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Clive Bowman1

Author Affiliations: 

1Honorary Visiting Professor, School of Healthcare Studies, City, University of London, London, UK

Correspondence to: 

Clive Bowman, School of Healthcare Studies, City, University of London, Northampton Square, London, EC1V 0HB, UK  Email:

Journal Issue: 
Volume 49: Issue 2: 2019
Cite paper as: 
J R Coll Physicians Edinb 2019; 49: 103–4


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Donaldson and colleagues have sought to understand variation in the provision of acute and community elderly care services across Scotland.1 Their traditional approach of relating geriatrician numbers to the over 65 years of age population harks back to a time when geriatricians managed an extensive number of long-term care beds where, once over 65 years of age, patients irrespective of need were often defined as geriatric and allocated by locality to a geriatrician and their team.

Geriatric services have evolved from curating long-term care to actively managing patients and realising their rehabilitative potential. Subsequently, the mantra ‘medicine delayed is medicine denied’ has driven equitable access to modern medicine for older people, a real National Health Service (NHS) triumph. Now, older patients dominate the clinical practice of many organ/system specialist physicians and many physicians specialising in the medicine of later life provide sophisticated clinics for common presentations in older people, such as falls, fractures, movement disorders, stroke, the dementias and a range of liaison services.

Donaldson et al.1 rightly highlight the importance of comprehensive geriatric assessment (CGA) being applied to older people on hospital admission. But CGA is not a panacea, illustrated by the older person who on contacting their local authority seeking a grab rail by their front door is told that they really need a CGA by the multidisciplinary team (MDT). By the time the MDT arrive to do this a fall at the front door, hip fracture and hospital stay have been completed. The CGA determines a front door grab rail is all that is necessary. CGA carried out thoroughly is a significant commitment that requires appropriate triggers.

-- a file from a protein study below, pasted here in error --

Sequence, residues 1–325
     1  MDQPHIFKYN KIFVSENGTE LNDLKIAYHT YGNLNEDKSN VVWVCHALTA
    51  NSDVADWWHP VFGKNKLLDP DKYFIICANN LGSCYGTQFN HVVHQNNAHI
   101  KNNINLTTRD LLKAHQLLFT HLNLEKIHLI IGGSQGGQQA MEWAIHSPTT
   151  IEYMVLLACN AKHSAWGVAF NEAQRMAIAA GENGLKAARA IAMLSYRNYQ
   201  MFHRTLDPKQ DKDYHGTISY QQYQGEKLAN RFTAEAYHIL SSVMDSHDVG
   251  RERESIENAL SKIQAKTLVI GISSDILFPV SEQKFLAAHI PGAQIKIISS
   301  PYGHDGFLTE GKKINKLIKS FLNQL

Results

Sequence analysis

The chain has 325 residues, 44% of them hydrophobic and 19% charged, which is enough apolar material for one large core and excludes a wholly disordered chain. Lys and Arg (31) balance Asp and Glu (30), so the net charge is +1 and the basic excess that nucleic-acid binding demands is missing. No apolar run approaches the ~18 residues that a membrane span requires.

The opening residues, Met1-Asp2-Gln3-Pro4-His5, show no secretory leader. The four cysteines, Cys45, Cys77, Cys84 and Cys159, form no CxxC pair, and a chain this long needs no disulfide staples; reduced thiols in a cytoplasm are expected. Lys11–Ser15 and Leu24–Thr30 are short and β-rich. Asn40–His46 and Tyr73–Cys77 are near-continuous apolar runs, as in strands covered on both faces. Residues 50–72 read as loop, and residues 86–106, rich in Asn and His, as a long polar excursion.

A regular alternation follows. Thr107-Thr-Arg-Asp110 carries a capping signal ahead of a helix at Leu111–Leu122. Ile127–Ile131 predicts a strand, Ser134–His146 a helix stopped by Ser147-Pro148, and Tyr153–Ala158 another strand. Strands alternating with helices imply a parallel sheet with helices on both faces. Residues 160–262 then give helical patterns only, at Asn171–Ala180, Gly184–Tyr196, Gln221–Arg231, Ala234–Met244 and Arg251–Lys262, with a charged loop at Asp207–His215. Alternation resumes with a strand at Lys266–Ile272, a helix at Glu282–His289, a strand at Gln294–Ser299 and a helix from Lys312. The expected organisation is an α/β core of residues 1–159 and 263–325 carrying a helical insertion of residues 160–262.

Isaacs et al.’s 1972 study2 of geriatric patients in Glasgow identified a ‘geriatric hard core’ – people who survive into advanced old age with dwindling economic and social resources, dwindling strength of their bodies and clarity of their minds casting a shadow over health services.

A vignette of their experience was of a Mrs McGoldrick, a frail 86-year-old widow, living alone in a tenement house in Glasgow. One night she fell and was unable to rise. She lay all night; cold, frightened and untended until her Home Help found her the following day and hospitalisation occurred. With personal alarms Mrs McGoldrick could reasonably be expected to avoid such an indignity in 2019.

My observation from a recent personal sojourn of several nights in a medical admissions unit was that the majority of patients were very elderly and generally unlikely to benefit from hospitalisation, but had been referred ‘just in case’ or because no one attending them in the community ‘was able’ to make a decision not to admit and/or provide in situ care. I believe this to be commonplace. Many of these patients were from care homes. Avoidable admissions from care homes are not a new phenomenon,3 but the NHS still has no coherent programme or strategy in this regard.

Most initiatives have been short term and at least one bellwether indicator, the prescription of antipsychotics, remains a serious concern.4